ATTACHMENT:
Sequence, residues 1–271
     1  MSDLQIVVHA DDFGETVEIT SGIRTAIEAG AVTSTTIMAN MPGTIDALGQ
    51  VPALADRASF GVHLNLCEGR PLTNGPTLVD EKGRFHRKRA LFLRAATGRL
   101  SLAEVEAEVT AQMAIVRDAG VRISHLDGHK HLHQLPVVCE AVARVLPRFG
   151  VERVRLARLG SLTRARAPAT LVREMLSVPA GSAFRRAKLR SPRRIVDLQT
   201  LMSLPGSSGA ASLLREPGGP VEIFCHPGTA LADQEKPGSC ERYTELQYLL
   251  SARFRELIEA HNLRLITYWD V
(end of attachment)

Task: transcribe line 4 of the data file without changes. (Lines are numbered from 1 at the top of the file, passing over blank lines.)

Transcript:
   101  SLAEVEAEVT AQMAIVRDAG VRISHLDGHK HLHQLPVVCE AVARVLPRFG